I totally agree that my issue is not mental. I believe it is a hormonal issue or perhaps something to do with my thyroid. I only know that I never had any of sexual problems at all until I had my last period about 3 years ago. I am not sure about medications since I only take herbals and meletonin to sleep. I love my estring by the way which has cured my vaginal dryness. I recommend it to all women who suffer with this issue. I am still interested in finding out if other menopausal women have the issue I have with no limited or no feeling during orgasm. There has got to be an explanation for this and I am not giving up until I find it. Akron26
 
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pamatmil responded:
:crying: yes my sex life had really changed it is very painful even with the gels and premin does not work. I have FM and CMP to witch don't help. I have app. with the OBGYN Dec, 11 I hope at that time can give something to wake up my hormones.
 
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sb1958 responded:
Hey, sixtiesrock: If it's any consolation, it seems I remember reading that vaginal rings are a much safer alternative....more of a local thing than systemic and very effective for the vaginal symptoms. I haven't researched it that thoroughly since my issues [thus far> have had more to do with mood, concentration, anxiety, increasing night sweats....basically most everything else!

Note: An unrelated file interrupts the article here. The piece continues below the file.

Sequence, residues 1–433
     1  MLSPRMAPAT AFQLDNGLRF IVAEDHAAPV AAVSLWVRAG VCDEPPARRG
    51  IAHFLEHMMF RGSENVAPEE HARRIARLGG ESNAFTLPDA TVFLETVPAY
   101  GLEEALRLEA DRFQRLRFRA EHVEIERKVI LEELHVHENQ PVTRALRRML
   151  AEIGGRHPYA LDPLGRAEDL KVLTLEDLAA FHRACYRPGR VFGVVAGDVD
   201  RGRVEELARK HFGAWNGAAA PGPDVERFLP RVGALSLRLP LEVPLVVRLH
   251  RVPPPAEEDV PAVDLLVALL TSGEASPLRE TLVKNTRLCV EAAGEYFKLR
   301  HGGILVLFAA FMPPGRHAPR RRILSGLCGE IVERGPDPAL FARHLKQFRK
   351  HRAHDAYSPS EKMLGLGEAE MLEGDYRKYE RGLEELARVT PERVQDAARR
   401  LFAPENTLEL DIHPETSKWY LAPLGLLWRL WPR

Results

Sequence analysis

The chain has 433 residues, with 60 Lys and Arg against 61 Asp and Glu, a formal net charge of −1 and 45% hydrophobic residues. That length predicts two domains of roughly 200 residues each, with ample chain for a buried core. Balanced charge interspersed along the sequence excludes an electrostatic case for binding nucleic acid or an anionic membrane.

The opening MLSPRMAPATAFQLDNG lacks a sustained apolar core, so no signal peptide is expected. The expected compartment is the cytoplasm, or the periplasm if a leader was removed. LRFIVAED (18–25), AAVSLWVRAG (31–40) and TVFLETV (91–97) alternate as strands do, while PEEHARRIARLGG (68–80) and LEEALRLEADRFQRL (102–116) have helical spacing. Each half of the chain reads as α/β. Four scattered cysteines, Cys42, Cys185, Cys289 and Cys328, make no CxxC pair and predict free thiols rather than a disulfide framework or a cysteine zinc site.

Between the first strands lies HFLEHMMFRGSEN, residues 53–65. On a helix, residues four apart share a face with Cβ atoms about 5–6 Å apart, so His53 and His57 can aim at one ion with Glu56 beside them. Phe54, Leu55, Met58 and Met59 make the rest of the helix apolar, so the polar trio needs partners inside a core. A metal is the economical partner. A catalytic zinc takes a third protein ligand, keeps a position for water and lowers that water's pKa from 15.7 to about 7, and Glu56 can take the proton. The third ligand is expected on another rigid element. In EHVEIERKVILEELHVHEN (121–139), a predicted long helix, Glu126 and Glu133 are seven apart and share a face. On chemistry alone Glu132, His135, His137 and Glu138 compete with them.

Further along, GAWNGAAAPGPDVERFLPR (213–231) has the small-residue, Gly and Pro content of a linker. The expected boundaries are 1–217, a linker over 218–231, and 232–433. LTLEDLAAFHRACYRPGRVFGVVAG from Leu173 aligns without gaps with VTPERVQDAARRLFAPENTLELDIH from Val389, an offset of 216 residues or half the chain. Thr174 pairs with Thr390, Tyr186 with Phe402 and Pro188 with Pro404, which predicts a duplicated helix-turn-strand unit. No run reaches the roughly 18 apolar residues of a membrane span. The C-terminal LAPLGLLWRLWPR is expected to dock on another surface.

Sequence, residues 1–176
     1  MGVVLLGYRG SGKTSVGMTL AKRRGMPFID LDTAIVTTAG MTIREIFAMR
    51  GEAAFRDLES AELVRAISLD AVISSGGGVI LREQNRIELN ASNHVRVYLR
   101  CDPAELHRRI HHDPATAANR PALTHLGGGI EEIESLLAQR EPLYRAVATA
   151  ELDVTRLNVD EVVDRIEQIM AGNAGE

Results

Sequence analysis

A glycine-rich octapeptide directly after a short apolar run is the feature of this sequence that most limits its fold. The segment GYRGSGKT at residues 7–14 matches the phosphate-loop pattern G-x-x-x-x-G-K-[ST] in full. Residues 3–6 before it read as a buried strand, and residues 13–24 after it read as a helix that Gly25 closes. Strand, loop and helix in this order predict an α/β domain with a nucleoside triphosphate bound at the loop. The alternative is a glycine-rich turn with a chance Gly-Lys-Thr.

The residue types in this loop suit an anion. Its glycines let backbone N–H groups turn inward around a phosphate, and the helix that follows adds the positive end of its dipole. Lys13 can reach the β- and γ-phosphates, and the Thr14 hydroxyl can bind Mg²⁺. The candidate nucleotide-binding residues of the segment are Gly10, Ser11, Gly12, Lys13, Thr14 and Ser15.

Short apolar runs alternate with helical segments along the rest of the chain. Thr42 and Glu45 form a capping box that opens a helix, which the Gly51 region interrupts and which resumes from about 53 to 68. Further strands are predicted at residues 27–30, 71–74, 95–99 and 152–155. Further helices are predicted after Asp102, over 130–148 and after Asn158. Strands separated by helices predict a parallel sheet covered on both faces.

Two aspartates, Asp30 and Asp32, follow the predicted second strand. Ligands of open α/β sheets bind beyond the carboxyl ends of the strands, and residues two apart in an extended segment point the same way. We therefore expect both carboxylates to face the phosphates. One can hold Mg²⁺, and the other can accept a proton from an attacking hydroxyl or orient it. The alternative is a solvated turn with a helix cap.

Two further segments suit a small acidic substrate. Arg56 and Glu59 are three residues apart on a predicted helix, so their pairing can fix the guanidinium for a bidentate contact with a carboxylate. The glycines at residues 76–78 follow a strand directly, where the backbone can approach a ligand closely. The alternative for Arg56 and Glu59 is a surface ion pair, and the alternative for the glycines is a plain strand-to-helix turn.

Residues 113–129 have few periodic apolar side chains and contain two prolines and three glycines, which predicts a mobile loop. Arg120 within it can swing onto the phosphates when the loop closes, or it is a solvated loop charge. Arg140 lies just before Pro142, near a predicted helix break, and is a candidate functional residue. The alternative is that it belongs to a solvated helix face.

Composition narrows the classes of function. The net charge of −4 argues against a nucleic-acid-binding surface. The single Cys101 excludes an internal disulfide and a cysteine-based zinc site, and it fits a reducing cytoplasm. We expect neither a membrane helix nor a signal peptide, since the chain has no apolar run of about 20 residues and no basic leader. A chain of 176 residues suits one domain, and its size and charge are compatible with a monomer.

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psquare1953 responded:
Yes, it has affected my sex life with my husband alot! Vaginal dryness isn't fun, in fact it is extremely painful, and I am not looking forward to many sexual encounters with him in the future. He is a wonderful man, we have been married for 30 years, and I hope for 30 more!! Unfortunately, for him, probably not 30 more years of sex!
 
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sixtiesrock responded:
I'm guessing the book Lifes is referring to is Christiane Northrup's "Wisdom of Menopause." (Sorry for quotes, but formatting isn't working in this browser.) I hadn't heard about it yet--will get a copy ASAP--but was reminded that I had Northrup's earlier "Women's Bodies, Women's Wisdom." In the latter, pp. 548-549 (1998 edition) address "Vaginal Dryness, Irritation, and Thinning." She offers a number of treatment options as of that time. Both books, new and used, are available at Amazon.com; and if you have an account, you can read the pages I mentioned above (I used "thinning" as the search term) at: www.amazon.com/gp/reader/0553384104/ref=sib_dp_srch_pop?v=search-inside&keywords=thinning&go.x=18&go.y=12# Unfortunately, nothing I saw mentioned survivors of hormone-sensitive breast cancer, but it's a start! Wishing all the happiest possible holidays, sixtiesrock
 
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Lifes responded:
Yes, thank you, those are the books.